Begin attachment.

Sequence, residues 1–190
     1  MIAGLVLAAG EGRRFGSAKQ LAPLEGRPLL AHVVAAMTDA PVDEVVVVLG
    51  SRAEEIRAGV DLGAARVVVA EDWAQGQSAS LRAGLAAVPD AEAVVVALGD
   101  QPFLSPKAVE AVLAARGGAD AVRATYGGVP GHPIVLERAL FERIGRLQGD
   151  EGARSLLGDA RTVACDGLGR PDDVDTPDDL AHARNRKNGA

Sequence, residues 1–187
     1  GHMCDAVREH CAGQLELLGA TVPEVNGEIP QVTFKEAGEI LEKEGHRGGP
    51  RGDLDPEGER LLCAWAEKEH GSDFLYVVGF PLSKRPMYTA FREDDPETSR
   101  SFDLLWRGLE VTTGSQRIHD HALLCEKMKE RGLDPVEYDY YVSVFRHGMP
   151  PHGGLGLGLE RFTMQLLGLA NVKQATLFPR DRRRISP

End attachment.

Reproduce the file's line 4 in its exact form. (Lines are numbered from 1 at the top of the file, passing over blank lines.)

   101  QPFLSPKAVE AVLAARGGAD AVRATYGGVP GHPIVLERAL FERIGRLQGD